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You’ve Got it All “Wong” on Teasers

Betting Wisdom Industry

Photo Credit: Steve Marcus/Reuters

There isn’t a betting term in the entire industry that rings truer than the “teaser.” Sports bettors have long been enamored with the teaser wager given its flexibility in manipulating the point spread. The most common football teaser bet gives bettors six additional points to work with on two separate games of their choice (commonly referred to as six-point teasers). Instead of getting the normal market lines of Bears +8.5 and the Cowboys -5, teaser bettors receive the Bears +14.5 and the Cowboys +1. You are essentially buying those points. Sounds pretty easy, right? The catch is that both legs of the teaser need to cover in order to win the wager and the price is typically set at -120 or -130. Still sounds easy, doesn’t it? Every game on the board is usually available for teasers, both for sides and totals. You could tease a total down from its market line of 46.5 to 40.5 when using the OVER or move it up to 52.5 when selecting the UNDER.

Let’s take a look at the Teaser odds at CRIS:

Teaser Teams 6 points 6.5 points 7 points
2 Team NFL -120 -130 -140
2 Team CFB +100 -110 -120
3 Team +150 +135 +120
4 Team +235 +215 +200
5 Team +350 +320 +300
6 Team +550 +500 +475
7 Team +800 +700 +600

3 Team 10 Points is -120

Three-team football teasers can sometimes give bettors 10 additional points on all three games of their choice. Using the same games from above, the Bears adjusted line goes up to +18.5, the Cowboys +5 and we’ll add the Patriots -2 (bringing them down from their market line of -12).

I know what you’re thinking right now. How could these teasers ever lose? Teasers are available for basketball as well, with essentially the same concepts in play for sides and totals. Before you rush out to bet teasers, let’s take a step back and evaluate why they’re much more difficult than they seem.

Let’s go through the basic math for the common six-point football teasers before we get into the best way to play them. In order to calculate the odds of winning a teaser, we need to figure out the odds of connecting on each leg. We know that the market lines in theory should represent a 50% chance of covering the point spread for either side (same for over/under on totals). So how much does your probability of covering the spread increase when you’re given six additional points? The answer is it depends. Not every point spread or total is created equal. More on that in a bit.

If we look historically over all NFL games, six points adds roughly 20% to the probability of covering the point spread (for sides only). As a result, the odds of connecting on one leg of a teaser are 70% (50% + 20%). We can then multiply 70% by 70% to calculate the probability of covering both legs – or 49%. Translating that into odds, we arrive at a line of slightly higher than +104. Since six-point teasers are generally offered at odds of -120 or -130, the house edge is rather large. That house edge is even greater when dissecting totals, where additional points aren’t nearly as valuable as for sides. Given the math, it’s no surprise that sportsbook hold percentages for teasers are typically in the double-digits. Suddenly, teasers don’t sound so appealing.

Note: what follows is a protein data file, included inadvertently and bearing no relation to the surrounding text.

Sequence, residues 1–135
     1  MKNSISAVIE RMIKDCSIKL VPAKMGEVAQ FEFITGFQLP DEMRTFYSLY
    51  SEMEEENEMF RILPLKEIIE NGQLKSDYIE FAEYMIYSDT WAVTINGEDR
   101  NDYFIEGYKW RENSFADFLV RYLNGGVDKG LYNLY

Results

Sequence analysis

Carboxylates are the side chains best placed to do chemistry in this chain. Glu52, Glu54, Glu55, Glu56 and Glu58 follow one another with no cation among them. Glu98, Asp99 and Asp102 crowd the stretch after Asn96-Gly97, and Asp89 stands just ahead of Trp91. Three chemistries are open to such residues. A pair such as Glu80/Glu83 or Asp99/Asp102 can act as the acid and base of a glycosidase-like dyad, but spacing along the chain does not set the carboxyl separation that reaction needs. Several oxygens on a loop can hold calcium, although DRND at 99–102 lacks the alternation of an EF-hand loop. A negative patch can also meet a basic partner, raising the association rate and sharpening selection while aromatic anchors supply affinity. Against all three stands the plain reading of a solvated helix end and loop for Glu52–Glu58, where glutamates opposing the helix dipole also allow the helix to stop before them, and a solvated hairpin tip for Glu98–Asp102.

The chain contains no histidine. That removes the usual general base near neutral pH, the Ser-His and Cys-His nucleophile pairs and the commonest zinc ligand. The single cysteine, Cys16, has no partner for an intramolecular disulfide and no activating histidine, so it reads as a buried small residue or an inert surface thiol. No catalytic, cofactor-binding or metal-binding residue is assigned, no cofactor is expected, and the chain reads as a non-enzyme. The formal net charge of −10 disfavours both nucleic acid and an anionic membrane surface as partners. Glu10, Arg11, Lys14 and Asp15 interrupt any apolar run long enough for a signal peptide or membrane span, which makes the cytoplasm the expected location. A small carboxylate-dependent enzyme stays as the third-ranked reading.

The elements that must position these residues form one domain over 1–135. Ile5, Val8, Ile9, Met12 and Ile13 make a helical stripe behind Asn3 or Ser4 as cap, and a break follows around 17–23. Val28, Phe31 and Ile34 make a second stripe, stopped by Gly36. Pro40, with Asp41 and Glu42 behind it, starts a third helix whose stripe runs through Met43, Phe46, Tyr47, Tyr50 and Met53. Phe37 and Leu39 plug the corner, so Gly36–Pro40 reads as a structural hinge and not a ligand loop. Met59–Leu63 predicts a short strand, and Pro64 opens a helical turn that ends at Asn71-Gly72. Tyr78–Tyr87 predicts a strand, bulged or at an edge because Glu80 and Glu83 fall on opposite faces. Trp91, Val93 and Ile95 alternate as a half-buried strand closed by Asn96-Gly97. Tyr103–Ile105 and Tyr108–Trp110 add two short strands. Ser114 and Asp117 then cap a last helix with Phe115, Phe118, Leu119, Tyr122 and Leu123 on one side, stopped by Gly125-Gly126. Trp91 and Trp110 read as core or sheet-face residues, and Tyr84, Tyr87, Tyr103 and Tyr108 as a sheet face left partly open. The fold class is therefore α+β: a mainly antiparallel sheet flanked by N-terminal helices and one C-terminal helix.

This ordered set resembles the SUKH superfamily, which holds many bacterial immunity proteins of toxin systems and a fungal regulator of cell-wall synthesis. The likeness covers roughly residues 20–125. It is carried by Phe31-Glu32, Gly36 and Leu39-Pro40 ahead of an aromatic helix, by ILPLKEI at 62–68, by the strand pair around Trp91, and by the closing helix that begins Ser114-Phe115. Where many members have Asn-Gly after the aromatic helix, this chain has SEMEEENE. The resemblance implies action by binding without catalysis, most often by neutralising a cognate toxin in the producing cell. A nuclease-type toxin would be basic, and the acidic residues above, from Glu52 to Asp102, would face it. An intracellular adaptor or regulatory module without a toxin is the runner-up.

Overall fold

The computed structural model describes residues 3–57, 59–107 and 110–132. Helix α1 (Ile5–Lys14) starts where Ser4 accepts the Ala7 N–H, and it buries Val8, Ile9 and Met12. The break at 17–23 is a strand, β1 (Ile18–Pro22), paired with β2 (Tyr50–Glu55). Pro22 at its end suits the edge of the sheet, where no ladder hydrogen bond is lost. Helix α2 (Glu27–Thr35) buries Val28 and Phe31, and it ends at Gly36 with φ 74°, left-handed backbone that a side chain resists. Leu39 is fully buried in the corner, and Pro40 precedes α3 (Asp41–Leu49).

Here are the breakeven win rates for two-team and three-team teasers based on various odds offered:

Two-Team Teasers BE%
+110 odds 69.0%
+100 odds 70.7
-110 odds 72.4
-120 odds 73.9
-130 odds 75.2
-140 odds 76.4
Three-Team Teasers BE%
 +180 odds (9:5) 70.9%
 +170 odds 71.8
 +160 odds (8:5) 72.7
 +150 odds (3:2) 73.7
 +140 odds (7:5) 74.7
 +130 odds 75.8
 +120 odds (6:5) 76.9
 +110 odds 78.1
 +100 odds (even) 79.4

The most common odds for two-team six-point teasers are -120, so bettors will need to connect on nearly 74% of their teaser legs long-term just to break even. Before you get too discouraged, that’s not to say that you can’t ever find value in a teaser. Remember, the math I went through above is all predicated on the value of six points over the entire population of NFL games. But the value of six points changes across the spectrum of point spread values. Getting six additional points on a side that’s +13.5 doesn’t hold as much value as getting six extra points on a game with a market line of +2.5. The +13.5 line gets bumped up to +19.5, but only 16% of games fall within that range at that spread. On the other hand, 22% of games fall within the range of +2.5 to +8.5 at that spread. That’s a big difference in additional probability gained in teasing these spreads.

The odds of connecting on a six-point NFL teaser featuring two teams with +2.5 market lines (teasing up to +8.5) are precisely 73.9%. That means that the bettor has an advantage over the house at odds less than -120. There’s a sweet spot that exists to maintain an edge for the bettor, and it includes only market lines of +1.5 to +2.5 and -7.5 to -8.5. In teasing those lines, the six additional points cross over both the key numbers of 3 and 7 – which are the two most common margins of victory in football. Any teaser that crosses over both of those key numbers, for either favorites or underdogs, will be +EV for bettors at odds of less than -120. Stanford Wong popularized this concept in his book “Sharp Sports Betting” and these teasers are now commonly referred to as “Wong Teasers.”